Planting and maintaining a new lawn is a time consuming and difficult process. Healthy lawns require consistent watering, fertilizing, mowing and in some cases dethaching. Depending on the type of grass desired, the three ways of planting a new lawn are seeds, sod and plugs. Seed is typically found at garden stores and are sown directly onto the soil. Sod is ordered through either a garden store or online and comes as already grown grass pieces. Plugs are little sections of grass that garden shops grow in containers. They are planted at various distances and eventually spread out to fill an entire yard.
Research the type of grasses that are recommended for a specific growing region and determine whether they are available in seed, sod or plugs. Gardening centers will have lists available of the locally grown grasses and can typically recommend local companies for sod or plugs.
Test the soil of the area where the grass will be planted using a soil test kit. Soil test kits can be purchased from gardening centers.
Correct the soil's pH as needed. Most grasses thrive in a mildly acidic soil, typically with a pH of 6.0. If the soil test shows a lower pH, this means the soil is too acidic and limestone should be added to reduce the acidity. The calculation for limestone is 50 lbs per 1000 square feet for every number below 6.0. If the soil has a higher pH than 6.0, then it is too basic and sulfur needs to be added at 20 lbs 1000 square feet for each number above 6.0. Till the soil enhancer into the soil to a depth of roughly 4 to 6 inches.
Add any additional fertilizers that the soil test reveals are deficient in the soil. Examples may include phosphorus, calcium, and iron. Chemical fertilizers can be purchased at garden centers, or organic fertilizers, such as liquid fish fertilizer and molasses, can be used where appropriate.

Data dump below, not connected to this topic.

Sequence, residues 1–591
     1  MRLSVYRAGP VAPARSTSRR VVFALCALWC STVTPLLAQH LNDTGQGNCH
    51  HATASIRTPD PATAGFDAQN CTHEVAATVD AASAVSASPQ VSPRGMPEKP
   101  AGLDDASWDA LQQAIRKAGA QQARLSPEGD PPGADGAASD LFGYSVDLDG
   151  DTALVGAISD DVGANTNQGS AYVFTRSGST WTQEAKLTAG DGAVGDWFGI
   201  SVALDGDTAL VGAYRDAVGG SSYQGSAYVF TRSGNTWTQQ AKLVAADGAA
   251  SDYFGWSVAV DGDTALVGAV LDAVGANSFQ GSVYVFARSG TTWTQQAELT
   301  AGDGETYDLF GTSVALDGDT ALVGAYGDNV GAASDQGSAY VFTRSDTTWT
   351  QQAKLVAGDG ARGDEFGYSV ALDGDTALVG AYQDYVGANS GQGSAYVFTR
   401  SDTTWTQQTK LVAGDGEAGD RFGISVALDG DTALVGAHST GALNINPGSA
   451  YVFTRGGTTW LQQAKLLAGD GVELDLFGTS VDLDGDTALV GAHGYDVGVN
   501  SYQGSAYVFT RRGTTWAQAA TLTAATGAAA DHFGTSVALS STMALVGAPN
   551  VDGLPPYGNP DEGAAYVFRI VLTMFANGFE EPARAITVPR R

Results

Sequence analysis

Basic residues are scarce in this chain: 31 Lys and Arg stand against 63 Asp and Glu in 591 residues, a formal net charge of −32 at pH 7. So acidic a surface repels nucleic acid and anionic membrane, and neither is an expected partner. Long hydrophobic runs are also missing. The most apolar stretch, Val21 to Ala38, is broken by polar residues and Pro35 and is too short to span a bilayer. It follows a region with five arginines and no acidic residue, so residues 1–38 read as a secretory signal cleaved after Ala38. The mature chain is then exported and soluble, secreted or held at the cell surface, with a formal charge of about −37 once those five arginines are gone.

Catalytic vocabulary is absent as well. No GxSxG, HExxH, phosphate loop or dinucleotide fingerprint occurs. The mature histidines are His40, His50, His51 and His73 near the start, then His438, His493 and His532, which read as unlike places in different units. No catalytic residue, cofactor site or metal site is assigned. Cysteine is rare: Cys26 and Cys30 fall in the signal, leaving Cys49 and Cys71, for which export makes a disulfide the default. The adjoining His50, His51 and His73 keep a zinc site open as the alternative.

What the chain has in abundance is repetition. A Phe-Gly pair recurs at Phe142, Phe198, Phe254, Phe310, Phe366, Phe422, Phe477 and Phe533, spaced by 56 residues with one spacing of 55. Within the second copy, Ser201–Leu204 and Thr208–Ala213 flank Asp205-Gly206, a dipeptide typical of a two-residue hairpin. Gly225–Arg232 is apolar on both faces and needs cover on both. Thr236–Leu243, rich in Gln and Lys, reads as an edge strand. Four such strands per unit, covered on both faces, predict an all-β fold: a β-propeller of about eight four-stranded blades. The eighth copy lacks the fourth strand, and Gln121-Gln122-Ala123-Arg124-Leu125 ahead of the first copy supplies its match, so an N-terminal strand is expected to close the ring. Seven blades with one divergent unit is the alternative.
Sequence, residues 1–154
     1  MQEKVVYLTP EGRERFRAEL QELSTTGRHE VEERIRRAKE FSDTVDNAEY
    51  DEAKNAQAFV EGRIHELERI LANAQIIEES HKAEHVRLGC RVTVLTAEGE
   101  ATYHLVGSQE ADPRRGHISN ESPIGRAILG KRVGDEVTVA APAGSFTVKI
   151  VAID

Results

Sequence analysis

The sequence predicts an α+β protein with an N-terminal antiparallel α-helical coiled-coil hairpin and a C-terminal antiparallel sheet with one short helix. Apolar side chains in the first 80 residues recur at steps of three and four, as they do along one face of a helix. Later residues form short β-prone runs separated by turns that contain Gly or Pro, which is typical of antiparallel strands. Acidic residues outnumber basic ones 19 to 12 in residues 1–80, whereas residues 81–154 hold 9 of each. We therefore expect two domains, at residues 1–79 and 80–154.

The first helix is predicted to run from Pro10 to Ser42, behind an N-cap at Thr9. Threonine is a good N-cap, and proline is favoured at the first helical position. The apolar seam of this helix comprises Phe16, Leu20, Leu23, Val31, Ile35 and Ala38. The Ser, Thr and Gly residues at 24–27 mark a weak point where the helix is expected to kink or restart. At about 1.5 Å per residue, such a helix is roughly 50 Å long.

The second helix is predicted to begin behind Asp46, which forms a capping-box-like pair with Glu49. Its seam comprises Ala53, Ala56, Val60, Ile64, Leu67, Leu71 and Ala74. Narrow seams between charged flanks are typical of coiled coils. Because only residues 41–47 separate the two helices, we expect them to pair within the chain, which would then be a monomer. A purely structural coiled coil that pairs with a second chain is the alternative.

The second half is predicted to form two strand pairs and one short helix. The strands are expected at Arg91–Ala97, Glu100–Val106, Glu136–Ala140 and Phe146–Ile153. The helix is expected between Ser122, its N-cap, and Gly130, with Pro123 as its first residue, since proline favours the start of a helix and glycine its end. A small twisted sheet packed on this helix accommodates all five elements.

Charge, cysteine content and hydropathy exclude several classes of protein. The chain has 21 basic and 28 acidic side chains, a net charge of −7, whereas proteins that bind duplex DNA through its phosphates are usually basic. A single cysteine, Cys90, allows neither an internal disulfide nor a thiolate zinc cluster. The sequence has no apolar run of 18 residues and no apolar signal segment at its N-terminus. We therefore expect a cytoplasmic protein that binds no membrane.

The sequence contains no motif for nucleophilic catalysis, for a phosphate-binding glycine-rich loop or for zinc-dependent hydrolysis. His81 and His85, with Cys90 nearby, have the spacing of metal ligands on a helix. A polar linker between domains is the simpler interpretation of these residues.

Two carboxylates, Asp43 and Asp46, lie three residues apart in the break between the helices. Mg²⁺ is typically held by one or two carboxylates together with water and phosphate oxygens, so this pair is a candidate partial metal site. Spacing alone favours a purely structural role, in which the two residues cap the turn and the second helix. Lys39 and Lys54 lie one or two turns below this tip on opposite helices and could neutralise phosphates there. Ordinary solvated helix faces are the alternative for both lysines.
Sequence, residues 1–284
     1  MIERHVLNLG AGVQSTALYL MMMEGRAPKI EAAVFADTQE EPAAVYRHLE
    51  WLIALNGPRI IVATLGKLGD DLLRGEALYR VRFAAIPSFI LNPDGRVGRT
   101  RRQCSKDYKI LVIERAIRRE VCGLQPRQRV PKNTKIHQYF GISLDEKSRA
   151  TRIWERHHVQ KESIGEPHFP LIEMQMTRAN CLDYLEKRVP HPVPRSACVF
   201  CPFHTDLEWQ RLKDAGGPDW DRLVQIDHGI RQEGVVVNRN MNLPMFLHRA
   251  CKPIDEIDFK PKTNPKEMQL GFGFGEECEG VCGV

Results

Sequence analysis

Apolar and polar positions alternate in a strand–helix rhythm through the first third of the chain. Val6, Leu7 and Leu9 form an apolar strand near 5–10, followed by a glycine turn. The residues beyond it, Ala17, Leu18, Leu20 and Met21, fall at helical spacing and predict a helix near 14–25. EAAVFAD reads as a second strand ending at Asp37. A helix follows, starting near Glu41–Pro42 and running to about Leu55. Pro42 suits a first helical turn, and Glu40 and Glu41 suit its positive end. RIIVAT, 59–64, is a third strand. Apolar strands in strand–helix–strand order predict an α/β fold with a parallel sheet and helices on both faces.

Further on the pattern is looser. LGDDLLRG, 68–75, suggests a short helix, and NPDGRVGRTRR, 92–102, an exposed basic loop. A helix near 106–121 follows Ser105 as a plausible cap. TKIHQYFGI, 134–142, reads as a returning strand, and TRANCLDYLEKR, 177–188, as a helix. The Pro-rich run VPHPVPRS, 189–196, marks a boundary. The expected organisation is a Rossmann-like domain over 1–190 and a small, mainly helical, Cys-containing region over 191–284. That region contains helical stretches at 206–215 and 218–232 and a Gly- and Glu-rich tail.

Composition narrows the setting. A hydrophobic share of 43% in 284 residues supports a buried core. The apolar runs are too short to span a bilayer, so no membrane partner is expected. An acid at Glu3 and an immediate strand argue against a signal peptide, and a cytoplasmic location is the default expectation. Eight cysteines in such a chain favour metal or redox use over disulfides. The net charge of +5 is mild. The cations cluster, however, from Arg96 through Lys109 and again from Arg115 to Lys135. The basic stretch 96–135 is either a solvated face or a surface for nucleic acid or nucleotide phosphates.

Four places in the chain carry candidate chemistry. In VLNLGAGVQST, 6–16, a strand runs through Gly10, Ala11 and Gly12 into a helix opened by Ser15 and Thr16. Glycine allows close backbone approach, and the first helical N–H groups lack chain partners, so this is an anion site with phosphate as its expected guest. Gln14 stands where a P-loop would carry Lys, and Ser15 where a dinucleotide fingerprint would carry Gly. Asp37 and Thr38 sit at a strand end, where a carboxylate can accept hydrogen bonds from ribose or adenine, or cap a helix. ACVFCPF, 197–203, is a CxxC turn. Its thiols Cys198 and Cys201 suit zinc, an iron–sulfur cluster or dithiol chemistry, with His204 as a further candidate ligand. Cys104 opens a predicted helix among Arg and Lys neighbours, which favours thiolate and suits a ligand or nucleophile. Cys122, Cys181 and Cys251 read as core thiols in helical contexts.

Plant the particular grass. Seeds should be planted in late summer to early fall with a hand crank.
Spread the seed a quarter of the bag at a time in different directions throughout the entire yard and then lightly rake the entire area to gently move the seed just under the soil.
Roll the lawn with a lawn roller to better secure the seed in the soil and water thoroughly.
Keep the soil moist while the seeds are germinating. Once the seeds have sprouted, watering time can be expanded with the number of waterings reduced depending on the type of grass.
Plant the sod any time of year, with extra care taken during the hottest part of summer.
Unroll the sod over a long, straight part of the yard. Press the pieces together and use a sharp knife to cut anywhere that the sod is too long. Begin watering the sod as soon as the first few pieces have been laid, to encourage the roots to spread.
Roll the sod with a light water roller to ensure the roots are touching the soil underneath. Water the sod three times each day for the first 10 days and then begin extending watering.
Plant the plugs in the prepared soil roughly 6 to 12 inches apart.
Press the soil down around the roots.
Water each plant immediately after planting, and then every other day. Plugs typically take roughly two months to completely fill in a yard.
About this Author
Ann White is a freelance journalist with prior experience as a Corporate and Business Attorney and Family Law Mediator. She has written for multiple university newspapers and has published over 300 articles for publishers such as EHow and Garden Guides. White earned her Juris Doctor from Thomas Jefferson School of Law and a Bachelor of Arts in English literature.